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Topgolf is taking over a golf course — here’s why that could work so well

February 10, 2021

BY: Dylan Dethier

As part of a deal with the city of El Segundo, Topgolf will assume operations of the 9-hole municipal course at The Lakes at El Segundo, which abuts the iconic Pacific Coast Highway. The footprint of the course itself will shrink slightly — the first and ninth holes will be shortened by a combined 100 yards — but it will undergo a renovation that includes lights for night golf and an enhanced pro shop and clubhouse. The facilities are scheduled to open in 2022.

At the risk of sounding like I’m doing PR for Topgolf, this seems awesome. Let’s run through the reasons why this plan is music to my ears:
For starters, night golf rules.

Secondly, Topgolf is very fun.

Third, the current golf course was in need of a revised business plan. The Lakes was losing $275,000/year, according to The Daily Breeze. Instead, the city will now turn a profit to the tune of $100 million over the next 50 years, according to the longest version of the proposed agreement. That includes lease payments, a percentage of beverage revenue and various tax payments to the city. The community could also gain more than 400 full-time jobs, according to Topgolf’s business plan.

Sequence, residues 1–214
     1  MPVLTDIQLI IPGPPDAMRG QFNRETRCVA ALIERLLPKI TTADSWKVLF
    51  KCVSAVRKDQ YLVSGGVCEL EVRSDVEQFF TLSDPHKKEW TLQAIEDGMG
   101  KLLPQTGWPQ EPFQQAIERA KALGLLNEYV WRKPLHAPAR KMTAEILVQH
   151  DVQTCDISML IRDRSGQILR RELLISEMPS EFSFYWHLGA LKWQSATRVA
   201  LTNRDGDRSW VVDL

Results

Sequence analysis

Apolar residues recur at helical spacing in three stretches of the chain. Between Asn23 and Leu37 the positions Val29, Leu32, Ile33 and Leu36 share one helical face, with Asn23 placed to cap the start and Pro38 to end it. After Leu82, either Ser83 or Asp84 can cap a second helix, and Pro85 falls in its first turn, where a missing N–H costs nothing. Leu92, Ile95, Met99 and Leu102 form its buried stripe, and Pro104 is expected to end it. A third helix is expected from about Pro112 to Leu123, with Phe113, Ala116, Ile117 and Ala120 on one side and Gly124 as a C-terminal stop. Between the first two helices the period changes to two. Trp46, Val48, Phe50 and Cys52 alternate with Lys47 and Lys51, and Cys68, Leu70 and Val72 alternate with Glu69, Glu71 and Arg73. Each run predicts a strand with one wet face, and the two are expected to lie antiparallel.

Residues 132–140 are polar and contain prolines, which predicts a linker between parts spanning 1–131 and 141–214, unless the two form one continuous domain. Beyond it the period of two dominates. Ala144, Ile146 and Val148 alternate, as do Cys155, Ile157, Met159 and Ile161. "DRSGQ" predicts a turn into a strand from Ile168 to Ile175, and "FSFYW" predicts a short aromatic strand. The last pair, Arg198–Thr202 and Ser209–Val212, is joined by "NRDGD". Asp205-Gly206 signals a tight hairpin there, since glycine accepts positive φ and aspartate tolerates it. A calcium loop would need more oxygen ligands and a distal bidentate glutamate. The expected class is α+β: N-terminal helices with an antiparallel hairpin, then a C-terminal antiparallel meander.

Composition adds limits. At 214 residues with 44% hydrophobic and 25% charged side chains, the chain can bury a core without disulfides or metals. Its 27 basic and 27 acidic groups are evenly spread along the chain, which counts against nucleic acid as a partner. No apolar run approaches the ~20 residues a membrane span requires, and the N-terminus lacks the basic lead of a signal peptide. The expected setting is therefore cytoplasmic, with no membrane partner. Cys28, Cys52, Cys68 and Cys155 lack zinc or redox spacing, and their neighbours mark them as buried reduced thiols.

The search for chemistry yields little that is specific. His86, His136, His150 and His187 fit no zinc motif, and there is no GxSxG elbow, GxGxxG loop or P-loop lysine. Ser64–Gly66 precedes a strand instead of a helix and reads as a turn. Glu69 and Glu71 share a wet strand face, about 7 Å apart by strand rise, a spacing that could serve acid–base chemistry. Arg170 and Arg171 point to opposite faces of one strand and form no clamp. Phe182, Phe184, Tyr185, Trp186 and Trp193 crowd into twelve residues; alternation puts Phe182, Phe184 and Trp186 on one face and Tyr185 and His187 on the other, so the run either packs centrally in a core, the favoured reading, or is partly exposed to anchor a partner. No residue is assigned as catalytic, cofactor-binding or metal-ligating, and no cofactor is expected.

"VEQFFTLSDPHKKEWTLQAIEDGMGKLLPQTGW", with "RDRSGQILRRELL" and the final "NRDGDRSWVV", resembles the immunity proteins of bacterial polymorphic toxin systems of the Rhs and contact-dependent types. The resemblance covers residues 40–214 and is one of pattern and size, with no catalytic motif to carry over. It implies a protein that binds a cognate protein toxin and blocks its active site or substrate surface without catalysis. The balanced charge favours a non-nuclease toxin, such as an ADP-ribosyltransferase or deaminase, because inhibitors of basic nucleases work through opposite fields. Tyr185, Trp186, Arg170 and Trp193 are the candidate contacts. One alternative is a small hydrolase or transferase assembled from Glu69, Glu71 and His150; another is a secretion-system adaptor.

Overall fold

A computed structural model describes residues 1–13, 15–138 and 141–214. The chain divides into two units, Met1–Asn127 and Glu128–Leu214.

If all goes according to plan, the proposed development is about as clear an example as you can get of a rising tide lifting all boats. People who love the golf course can continue to play on a revamped version. They can play at night, they can practice on putting and chipping greens (triple the size of the current footprint) and they can eat at a new restaurant at the clubhouse. People who love Topgolf get easy access to the new-age driving range/entertainment experience they’ve grown to love while also getting easy access to the “green-grass” experience of stepping onto a real golf course.

As someone who reads (and writes) an awful lot about city-owned golf, I can tell you that munis that take up significant acreage in urban areas are under increasing pressure to justify their existences by turning a profit. The opportunity cost of the land they occupy is exceptionally high, and eager developers are always waiting in the wings.

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